The Print Advertising Campaign of the Year award went to the New Zealand ad agency Colenso BBDO for its New Zealand Breast Cancer for Skinfoods "The Cream That Gives You Wrinkles" campaign, photographed by Karsten Thormaehlen, and the Photography Magazine of the Year was awarded to the Spain-based EXIT Magazinewhich was chosen over the British Journal of PhotographyAperture MagazineBlow Photo and Camera Austria. The Lucie Foundation then paid tribute to photographers who have passed away this year, including Phil Stern, Michel du Cille, Harold Feinstein and Mary Ellen Mark.

Danny Lyon was given the Achievement in Documentary award, and photojournalist Stephanie Sinclair, who also founded the nonprofit Too Young to Wed, was given the Humanitarian Award for her work covering child marriages. Onstage, Sinclair remembered the moment when Desmond Tutu, inspired by her blunt portrayal of the lives of childbrides, asked his United Nations colleagues in a meeting when they were going to put an end to child marriage. "Everyone looked at each other," Sinclair recounts, "and eventually they just said, 'Now! Now, let's end it now!'"

IPA's Deeper Perspective Photographer of the Year award went to David Jay for his intimate portraits of severely injured war veterans, and the Moving Image Photographer of the Year was awarded to Kerry Payne Stailey for her project "Left Behind," which followed the lives of the loved ones of those who've committed suicide (she dedicated the trophy to her father, who took his life in the '90s). The Achievement in Sports award was passed on to Barton Silverman, the Curator/Exhibition of the Year went to Amanda Maddox for the Getty Museum's "Josef Koudelka: Nationality Doubtful" show, Aperture was awarded Book Publisher of the Year Classic for Tiny: Streetwise Revisited by Mary Ellen Mark, and Book Publisher of the Year Limited was handed to Ceiba for The Middle of Somewhere: Sam Harris.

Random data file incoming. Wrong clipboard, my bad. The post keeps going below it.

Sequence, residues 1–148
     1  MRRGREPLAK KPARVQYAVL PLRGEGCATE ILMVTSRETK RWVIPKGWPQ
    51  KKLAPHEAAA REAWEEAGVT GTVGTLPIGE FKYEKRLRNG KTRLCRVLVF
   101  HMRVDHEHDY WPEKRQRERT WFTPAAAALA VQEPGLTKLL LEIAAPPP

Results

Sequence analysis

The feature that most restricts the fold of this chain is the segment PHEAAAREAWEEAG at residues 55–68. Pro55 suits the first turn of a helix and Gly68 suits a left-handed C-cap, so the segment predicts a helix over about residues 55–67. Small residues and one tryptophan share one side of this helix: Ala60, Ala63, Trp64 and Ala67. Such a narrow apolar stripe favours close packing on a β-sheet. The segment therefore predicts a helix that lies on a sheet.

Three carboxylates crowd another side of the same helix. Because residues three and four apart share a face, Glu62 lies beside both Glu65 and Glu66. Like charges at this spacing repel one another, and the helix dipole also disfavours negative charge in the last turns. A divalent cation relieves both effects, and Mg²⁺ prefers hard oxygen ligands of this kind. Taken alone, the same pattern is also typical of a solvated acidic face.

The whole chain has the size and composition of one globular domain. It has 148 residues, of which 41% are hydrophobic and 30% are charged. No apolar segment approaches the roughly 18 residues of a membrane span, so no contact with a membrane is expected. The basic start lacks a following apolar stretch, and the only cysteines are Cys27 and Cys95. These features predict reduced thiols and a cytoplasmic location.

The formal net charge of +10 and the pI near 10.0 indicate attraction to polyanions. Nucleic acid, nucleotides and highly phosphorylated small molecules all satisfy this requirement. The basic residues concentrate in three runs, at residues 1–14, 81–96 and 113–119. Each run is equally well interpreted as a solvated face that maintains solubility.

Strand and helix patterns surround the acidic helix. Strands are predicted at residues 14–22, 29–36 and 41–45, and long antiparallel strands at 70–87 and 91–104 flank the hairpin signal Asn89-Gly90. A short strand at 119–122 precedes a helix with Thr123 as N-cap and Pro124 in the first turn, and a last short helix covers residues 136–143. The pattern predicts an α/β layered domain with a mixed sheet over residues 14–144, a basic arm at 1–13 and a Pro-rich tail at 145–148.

The Lucies brought out Graham Nash of Crosby, Stills and Nash to present the Achievement in Music award to photographer and friend Henry Diltz. They reflected on the oddity of their positions, Nash having begun as a photographer before becoming a musician and Diltz getting his start as a musician prior to pursuing photography. Nash also recounted when Diltz shot the band's first album cover, of the three men sitting on an old couch in front of an abandoned home. A few days later they decided on their band name, but realized they were sitting in the wrong order in Diltz's photo. When they returned to the home to take a redo, the house and the couch were gone, "torn down to sticks," they said. They liked the original photo enough to keep it, though it's the only one of Nash, Stills and Crosby rather than the other way around.

The night finished with the Achievement in Fashion award, presented by Barney's Creative Ambassador Simon Doonan and actress Fran Drescher, who handed off the Lucie to her friend, fashion and celebrity photographer Roxanne Lowit. "Thank you to the models who pulled me backstage when the big boys pushed me off the runway," a soft-spoken Lowit said. "Love what you do and do what you love, because you do it better than anyone else."